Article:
Pokémon: Let's Go, Pikachu! and Pokémon: Let's Go, Eevee are RPG's developed by Game Freak and published by The Pokémon Company and Nintendo for Nintendo Switch. They are enhanced remake's of Pokémon Yellow and the first installment in the Pokémon series to appear on the Switch.
The Pokémon Let's Go games have integration with the Pokémon Go mobile game. A bespoke Poké Ball Plus controller has been created to work with this game, but it's not essential for an enjoyable experience.
There are quite a few changes between Pokémon Yellow and Pokémon Let's Go, I'm not sure whether I'd call them changes, enhancements, or quality of life improvements. When I heard about the planned changes, I wasn't optimistic and thought I would hate this play-through, but now I can't imagine going back and playing a traditional Pokémon game again.
One of the best changes is the process for catching Pokémon. You don't walk through grass and get randomly attacked by a Kakuna anymore, you actually see the Pokémon wandering around and you pick who you want to catch or avoid. Once you decide you want to capture a Pokémon and walk up to it, you capture it in the same way you do in Pokémon Go on mobile by throwing Pokéballs at it. When you catch a Pokémon, you start a capture combo. If you catch multiple of the same Pokémon in a row, you increase the chance of a shiny Pokémon spawning. Some Pokémon are rarer to encounter, getting a chain combo together will increase the chance of these rare Pokémon showing their face. Another positive change is the removal of HM's, your partner Pokémon will now be able to learn all of them and will not replace any of their abilities. So you'll no longer have to carry around certain Pokémon with near useless abilities.
Your party gains experience from anything you catch and you're encouraged to catch as much as possible. You can send any Pokémon you don't want to Professor Oak in return for candy that you can use to increase a Pokémon's combat points. Exp share is now also a standard part of the game which is a nice little addition.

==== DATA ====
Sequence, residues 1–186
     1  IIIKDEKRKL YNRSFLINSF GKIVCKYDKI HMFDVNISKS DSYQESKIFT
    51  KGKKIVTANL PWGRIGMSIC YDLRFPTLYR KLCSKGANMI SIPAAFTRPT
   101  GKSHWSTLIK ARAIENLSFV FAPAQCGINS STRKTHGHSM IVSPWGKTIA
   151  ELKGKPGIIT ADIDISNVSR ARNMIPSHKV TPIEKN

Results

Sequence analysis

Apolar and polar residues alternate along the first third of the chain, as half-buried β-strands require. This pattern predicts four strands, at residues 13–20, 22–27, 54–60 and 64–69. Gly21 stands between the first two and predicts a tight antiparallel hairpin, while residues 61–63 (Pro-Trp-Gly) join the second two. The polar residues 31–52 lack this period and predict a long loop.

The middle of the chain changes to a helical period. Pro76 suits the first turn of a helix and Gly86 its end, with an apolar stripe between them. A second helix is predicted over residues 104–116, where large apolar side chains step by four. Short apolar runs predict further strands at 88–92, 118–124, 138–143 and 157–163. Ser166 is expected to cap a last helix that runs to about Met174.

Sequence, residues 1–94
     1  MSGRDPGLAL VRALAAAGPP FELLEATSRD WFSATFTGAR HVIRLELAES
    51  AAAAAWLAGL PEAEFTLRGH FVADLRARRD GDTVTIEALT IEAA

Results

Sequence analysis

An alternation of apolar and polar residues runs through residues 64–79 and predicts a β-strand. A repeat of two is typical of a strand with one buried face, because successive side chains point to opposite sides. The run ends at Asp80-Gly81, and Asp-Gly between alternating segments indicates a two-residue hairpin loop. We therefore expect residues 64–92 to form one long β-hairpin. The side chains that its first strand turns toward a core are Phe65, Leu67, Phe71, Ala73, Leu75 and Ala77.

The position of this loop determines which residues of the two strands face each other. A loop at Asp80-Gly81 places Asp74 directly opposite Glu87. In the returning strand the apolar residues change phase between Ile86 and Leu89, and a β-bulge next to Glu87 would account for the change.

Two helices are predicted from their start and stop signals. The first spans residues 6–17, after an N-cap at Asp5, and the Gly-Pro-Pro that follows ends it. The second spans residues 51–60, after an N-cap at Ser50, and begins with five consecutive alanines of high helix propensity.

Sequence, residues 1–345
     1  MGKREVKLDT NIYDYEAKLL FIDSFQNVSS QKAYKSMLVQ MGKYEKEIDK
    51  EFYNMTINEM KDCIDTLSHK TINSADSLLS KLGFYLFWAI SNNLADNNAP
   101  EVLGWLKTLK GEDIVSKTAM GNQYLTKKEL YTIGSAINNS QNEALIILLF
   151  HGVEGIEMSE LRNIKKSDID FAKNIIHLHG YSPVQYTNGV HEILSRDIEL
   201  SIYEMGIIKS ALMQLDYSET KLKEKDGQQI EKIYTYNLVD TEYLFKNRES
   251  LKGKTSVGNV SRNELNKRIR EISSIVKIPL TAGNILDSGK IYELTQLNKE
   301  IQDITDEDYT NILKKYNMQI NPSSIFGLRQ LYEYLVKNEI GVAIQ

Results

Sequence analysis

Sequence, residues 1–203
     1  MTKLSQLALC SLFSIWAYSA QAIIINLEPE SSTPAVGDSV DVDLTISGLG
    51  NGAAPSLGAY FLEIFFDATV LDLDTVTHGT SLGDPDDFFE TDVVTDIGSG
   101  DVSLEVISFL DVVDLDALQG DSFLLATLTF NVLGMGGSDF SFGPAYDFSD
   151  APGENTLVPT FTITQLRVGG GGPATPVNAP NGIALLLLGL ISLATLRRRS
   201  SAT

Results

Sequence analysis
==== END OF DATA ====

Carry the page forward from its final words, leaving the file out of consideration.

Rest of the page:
The Pokémon PC is no longer in the game which is where all the Pokémon not in your party used to live. All Pokémon now get stored in a Pokémon box in your inventory which allows you to access it anytime you aren't battling. This makes the game somewhat easier because if any of your Pokémon faint you can just swap them out.
The bike shop owner no longer sells you a bike! I can't imagine too many people will complain though because you now get to ride Pokémon instead. You can select any Pokémon to travel alongside you as well as your Pikachu / Eevee. If the Pokémon you choose to let out of the Pokéball is rideable, you'll hop onto it and it gives you a new fun way to traverse Kanto by land, sea or air.
This game starts out really fun, I enjoyed it so much I couldn't put it down. You definitely feel the resemblance to Pokémon Yellow, but with all the enhancements it makes for a really enjoyable experience. Towards the end I started to fall off of it a little, the repetitive trainer battles was starting to bore me on my way to the Elite Four, at this point for me I'd already gotten enough value out of the game and knew it was almost over, so traversing Victory Road was a struggle.
The graphics in this game are incredibly well done. There's only so much you can do visually with a Pokémon game but I was really impressed with the hard work that's been put into making it look appealing. The audio is enjoyable, some of that is just pure nostalgia. But they have released the soundtracks for this game on iTunes so it can't only be me that enjoyed the audio.
The controls are done fairly well. Using the JoyCon to throw a Pokéball is fun. Pokémon has always had simple controls anyway but there were a few niggles I disliked. There are lots of buttons not being used so I disliked having to go through a menu system to get to certain things like the Town Map which could have just been keybound to a button. I assume they do this so that the game plays well with the Poké Ball Plus which barely has any buttons, but for me that isn't a good enough reason. I played a lot of this game on a plane journey, and it's actually very hard to catch a Pokémon in a moving vehicle, the slight shaking of the Nintendo Switch as you hold it made it very difficult to throw a Poké Ball in the direction I wanted it to go. It doesn't sound like a big deal but the Nintendo Switch is used for many commutes to work so I imagine this being a frustration for frequent commuters.
Overall, this is a very enjoyable game and definitely something Switch owners should pick up. I'm not sure my patience is the same as it was when I was younger because by the end I was getting a little bored but I'd already had my money's worth by then. This is my favourite Pokémon game in the series, quite a compliment considering I've played almost all of them. That's just credit to how good a lot of the improvements they've added to this game are. I'd like to see them carry over into future additions to the Pokémon franchise.